There has been a lot of noise recently about which country or international organization is doing the most to help Moldova to face the medical challenges and economic consequences of COVID-19. Much of the comment has been factual and informative, but there have been many attempts to obscure the truth and distort facts: “COVID-19 came from the West, and the aid is coming from the East” claimed one internet-based news-site in the early stages of the crisis.
They say that truth is the first victim in time of war and it seems that in a time of pandemic too.
Many of Moldova’s friends have provided timely and invaluable aid to the country. There have been very significant and rapid disbursements from the International Monetary Fund and the World Bank – in both of which the United Kingdom is a major shareholder. The European Union has offered large grants and loans. Yes, some of that assistance is subject to conditionality, but it is conditionality designed to promote policies that deliver real benefits to the citizen.
Many European countries have also provided direct, bilateral aid in various forms. Germany, Switzerland, Slovakia, France, Hungary, Sweden, Austria, Russia, and, notably, Romania amongst others. The United Kingdom also provided direct support. We were the first country to provide much-needed personal protective equipment to the military hospital in Chișinău. Moreover, soon a 150,000 euros grant will be available to purchase personal protective equipment and support vulnerable communities. We are donating the grant through the United Nations Moldova (U.N.).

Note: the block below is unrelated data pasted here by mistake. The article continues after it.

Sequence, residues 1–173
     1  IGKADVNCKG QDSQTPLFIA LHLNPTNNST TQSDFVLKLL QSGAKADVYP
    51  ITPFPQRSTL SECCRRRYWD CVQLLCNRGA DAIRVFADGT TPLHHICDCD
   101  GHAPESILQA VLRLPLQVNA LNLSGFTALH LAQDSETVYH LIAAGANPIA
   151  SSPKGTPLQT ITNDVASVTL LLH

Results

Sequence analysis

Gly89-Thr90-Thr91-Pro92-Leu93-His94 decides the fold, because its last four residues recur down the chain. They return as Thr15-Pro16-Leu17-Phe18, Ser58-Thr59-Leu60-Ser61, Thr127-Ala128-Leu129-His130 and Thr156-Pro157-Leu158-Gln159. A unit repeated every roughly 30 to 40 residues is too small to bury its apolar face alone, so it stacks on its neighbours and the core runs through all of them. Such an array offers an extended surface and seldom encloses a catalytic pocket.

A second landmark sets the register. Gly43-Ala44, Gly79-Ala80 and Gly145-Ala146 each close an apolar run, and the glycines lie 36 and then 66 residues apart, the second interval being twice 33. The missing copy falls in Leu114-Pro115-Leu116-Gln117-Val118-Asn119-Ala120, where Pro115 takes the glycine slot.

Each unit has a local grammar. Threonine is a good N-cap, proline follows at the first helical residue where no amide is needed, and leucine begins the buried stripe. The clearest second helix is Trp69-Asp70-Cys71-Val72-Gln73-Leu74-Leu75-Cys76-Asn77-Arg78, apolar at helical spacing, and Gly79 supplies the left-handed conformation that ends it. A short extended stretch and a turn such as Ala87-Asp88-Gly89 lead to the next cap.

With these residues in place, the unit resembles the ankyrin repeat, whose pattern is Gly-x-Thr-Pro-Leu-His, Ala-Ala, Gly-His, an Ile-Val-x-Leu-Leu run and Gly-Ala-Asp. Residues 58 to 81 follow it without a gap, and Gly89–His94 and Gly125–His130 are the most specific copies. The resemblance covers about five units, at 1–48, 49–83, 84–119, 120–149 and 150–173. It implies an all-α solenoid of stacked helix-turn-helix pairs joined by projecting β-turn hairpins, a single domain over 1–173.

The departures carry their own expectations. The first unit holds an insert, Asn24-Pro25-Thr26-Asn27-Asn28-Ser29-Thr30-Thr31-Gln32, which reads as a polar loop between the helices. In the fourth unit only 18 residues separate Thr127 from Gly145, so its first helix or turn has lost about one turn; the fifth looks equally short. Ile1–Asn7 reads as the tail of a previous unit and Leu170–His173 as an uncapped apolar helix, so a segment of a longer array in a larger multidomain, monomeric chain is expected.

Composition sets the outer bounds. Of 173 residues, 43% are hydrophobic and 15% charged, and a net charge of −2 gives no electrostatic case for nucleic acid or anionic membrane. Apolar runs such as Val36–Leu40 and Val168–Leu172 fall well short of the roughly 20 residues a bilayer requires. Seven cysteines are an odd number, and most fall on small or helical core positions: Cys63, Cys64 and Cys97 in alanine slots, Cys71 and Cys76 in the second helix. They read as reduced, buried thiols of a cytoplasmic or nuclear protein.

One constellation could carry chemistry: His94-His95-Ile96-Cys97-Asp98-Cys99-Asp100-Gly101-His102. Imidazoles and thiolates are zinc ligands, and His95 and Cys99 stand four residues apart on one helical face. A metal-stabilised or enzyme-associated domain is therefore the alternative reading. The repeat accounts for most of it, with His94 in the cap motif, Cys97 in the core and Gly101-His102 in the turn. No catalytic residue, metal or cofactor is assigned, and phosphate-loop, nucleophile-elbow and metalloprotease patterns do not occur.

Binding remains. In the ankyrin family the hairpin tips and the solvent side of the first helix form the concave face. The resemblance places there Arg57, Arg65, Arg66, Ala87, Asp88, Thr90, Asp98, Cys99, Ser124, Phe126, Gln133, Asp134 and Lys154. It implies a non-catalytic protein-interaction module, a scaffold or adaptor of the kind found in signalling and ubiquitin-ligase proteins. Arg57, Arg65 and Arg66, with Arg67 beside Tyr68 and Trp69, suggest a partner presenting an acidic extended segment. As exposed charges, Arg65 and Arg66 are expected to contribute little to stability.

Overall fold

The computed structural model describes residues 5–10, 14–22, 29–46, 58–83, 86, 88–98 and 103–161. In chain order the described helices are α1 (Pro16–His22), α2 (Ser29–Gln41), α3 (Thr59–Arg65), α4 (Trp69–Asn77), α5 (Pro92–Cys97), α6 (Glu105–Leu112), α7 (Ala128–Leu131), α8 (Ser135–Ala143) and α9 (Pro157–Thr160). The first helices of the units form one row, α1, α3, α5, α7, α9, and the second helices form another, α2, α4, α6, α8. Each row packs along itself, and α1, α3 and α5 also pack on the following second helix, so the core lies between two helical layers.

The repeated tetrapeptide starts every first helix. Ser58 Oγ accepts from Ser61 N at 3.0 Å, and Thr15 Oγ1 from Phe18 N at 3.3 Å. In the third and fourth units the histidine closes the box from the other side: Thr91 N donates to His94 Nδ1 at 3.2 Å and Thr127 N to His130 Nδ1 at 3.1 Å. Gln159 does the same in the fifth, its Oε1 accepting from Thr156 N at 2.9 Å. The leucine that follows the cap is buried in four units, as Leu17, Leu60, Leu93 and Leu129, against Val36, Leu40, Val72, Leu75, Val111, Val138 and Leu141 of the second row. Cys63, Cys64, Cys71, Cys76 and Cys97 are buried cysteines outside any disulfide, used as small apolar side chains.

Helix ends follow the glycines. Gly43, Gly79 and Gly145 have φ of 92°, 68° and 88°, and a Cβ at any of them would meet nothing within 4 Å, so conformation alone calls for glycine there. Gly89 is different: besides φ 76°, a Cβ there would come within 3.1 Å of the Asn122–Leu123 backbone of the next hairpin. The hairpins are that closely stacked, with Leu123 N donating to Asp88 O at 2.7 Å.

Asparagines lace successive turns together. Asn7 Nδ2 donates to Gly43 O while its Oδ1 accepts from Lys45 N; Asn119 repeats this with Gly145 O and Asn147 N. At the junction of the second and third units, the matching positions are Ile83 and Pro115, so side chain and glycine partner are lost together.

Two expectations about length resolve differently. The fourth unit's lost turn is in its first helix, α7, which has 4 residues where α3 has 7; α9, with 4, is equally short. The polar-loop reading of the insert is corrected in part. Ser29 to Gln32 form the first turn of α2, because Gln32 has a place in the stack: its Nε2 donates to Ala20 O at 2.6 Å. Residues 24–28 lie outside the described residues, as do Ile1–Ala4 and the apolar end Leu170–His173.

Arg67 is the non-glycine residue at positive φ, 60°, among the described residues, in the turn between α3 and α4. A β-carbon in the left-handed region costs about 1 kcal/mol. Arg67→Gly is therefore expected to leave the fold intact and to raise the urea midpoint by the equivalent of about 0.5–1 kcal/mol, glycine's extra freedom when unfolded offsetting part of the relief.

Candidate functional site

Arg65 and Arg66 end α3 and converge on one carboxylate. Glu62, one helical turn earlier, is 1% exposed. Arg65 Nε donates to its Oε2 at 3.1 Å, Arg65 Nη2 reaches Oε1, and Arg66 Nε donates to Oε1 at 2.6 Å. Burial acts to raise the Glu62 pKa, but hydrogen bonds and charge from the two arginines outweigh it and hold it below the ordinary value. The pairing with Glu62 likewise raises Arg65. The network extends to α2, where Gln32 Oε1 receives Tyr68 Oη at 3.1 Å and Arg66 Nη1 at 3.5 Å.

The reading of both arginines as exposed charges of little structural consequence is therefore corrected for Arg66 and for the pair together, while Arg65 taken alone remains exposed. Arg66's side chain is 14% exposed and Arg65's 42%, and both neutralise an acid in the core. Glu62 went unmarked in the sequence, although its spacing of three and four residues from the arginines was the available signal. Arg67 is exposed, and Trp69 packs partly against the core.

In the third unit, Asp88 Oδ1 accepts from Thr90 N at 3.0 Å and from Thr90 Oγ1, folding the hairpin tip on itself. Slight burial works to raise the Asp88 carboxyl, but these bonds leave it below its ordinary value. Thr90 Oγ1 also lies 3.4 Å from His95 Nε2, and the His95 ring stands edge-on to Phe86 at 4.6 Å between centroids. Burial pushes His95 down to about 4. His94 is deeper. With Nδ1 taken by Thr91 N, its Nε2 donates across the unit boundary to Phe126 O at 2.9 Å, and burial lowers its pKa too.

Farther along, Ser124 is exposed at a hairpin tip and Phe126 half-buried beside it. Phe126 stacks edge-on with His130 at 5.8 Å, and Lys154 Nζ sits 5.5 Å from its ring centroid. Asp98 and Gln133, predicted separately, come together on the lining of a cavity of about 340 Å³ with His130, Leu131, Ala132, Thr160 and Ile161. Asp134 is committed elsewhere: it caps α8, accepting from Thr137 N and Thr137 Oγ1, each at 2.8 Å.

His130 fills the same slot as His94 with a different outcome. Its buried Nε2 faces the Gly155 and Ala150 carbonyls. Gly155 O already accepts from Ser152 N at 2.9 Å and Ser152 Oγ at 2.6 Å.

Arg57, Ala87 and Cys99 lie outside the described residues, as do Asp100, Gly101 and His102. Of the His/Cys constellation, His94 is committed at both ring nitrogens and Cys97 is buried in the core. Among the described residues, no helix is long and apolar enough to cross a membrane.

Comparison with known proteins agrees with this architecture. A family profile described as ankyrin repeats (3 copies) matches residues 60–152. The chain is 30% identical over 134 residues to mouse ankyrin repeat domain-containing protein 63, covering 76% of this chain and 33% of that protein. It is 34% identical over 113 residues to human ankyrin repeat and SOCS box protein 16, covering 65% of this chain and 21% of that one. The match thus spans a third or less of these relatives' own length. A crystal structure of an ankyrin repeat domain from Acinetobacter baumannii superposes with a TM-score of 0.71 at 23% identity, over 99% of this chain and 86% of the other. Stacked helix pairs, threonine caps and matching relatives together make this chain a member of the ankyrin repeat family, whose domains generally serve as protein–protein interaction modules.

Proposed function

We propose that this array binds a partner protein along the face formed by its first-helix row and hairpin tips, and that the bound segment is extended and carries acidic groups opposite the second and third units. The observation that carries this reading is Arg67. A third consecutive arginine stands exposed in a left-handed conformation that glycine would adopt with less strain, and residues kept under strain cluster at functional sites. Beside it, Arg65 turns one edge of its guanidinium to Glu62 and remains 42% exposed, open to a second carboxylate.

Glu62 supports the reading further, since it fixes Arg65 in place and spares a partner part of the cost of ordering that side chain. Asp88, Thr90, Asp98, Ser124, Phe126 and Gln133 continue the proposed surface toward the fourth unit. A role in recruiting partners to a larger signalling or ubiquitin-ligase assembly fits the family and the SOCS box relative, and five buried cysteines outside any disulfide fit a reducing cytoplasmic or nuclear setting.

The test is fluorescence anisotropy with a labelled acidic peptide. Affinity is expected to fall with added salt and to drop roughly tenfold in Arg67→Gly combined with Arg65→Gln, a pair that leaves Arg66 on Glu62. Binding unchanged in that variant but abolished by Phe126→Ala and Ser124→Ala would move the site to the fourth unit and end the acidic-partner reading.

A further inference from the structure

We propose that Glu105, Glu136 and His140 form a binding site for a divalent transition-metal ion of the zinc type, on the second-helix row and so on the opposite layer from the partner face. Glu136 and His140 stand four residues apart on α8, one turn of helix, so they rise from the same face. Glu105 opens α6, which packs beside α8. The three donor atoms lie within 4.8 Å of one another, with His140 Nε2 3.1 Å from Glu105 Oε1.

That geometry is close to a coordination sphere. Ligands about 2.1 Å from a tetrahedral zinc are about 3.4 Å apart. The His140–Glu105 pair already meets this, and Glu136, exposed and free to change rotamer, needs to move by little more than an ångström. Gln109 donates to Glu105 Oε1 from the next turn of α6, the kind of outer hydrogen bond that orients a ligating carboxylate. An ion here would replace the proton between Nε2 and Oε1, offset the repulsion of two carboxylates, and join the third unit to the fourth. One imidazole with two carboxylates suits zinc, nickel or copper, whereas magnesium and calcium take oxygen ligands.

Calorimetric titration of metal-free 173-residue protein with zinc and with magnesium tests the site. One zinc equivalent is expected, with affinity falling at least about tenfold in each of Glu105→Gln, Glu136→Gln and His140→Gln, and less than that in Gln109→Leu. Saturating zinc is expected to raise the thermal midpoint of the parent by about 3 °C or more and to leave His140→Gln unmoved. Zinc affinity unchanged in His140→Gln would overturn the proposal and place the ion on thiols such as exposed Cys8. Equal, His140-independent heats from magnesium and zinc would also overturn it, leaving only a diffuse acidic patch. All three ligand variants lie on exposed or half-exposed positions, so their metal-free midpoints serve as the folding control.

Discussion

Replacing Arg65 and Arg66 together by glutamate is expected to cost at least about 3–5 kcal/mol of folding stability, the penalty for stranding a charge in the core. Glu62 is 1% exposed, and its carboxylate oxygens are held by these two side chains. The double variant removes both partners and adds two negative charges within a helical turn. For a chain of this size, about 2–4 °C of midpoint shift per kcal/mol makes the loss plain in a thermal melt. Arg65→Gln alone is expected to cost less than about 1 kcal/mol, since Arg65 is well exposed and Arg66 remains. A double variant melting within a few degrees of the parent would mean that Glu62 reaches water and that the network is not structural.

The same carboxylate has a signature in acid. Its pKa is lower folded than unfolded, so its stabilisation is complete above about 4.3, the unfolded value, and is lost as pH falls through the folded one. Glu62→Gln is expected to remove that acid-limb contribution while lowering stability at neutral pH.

According to the data provided by the Organisation for Economic Co-operation and Development, the figures for official development assistance to Moldova in the period 2009-2018 show as follows:
|Source||Amount (millions of euros)|
|European Economic Area (EEA) countries, including the U.K.||748.9 (of which 219.8 from Romania)|
It should not surprise us that most of Moldova’s assistance is coming from Europe. Moldova is a European country, after all, and most of its trade is with Europe.
Recently, a highly respected European ambassador said that this is not a beauty contest. This is about supporting the development and prosperity of a sovereign European state, and its gradual integration into the family of European nations. In recent months, it also has been about helping that state to save the lives of its citizens.
The Moldovan government’s policy response to the COVID-19 pandemic has been praised by international partners – including the U.N. and the World Health Organization. But no country will escape the grip of COVID-19 until all do. We need to face down the immediate threat. And we need to find a vaccine.
The U.K. is at the heart of this global effort, offering funding and expertise in a spirit of collaboration, without borders. One of the most promising projects is between Oxford University and the U.K.-Swedish pharmaceutical firm, AstraZeneca. On May 4, we co-hosted the Global Coronavirus Response Initiative, alongside the European Commission, Norway, Germany, France, and Saudi Arabia. The event raised $7 billion for R&D on vaccines, therapeutics, and diagnostics. The U.K. has committed £360 million to these goals, including £250 million to the Coalition for Epidemic Preparedness Innovations (CEPI), making us the largest contributor to the COVID-19 funding request.
In total, we have pledged £744 million to support efforts to stop the spread of COVID-19, find a vaccine, and save lives around the world.
On 4 June, the U.K. Prime Minister, Boris Johnson, will host the Global Vaccine Summit, which is designed to replenish the funds of the global vaccine and immunisation Alliance (GAVI). We have pledged £1.65 billion over the next five years to GAVI. This will help to ensure the delivery of life-saving vaccinations for millions of children in 68 countries, saving lives and strengthening health systems
“We are engaged in a shared endeavor to defeat the pandemic. By working together in a spirit of mutual support, we will find much-needed solutions even more rapidly,” Her Majesty, the Queen said in Her recent address to the British people.
Steven Mark Fisher,
British Ambassador to Moldova
Editor’s Note: This article is an editorial written by Steven Fisher, the United Kingdom Ambassador to Moldova. The views and opinions expressed in it are those of the author and do not necessarily reflect the views of Ziarul de Gardă.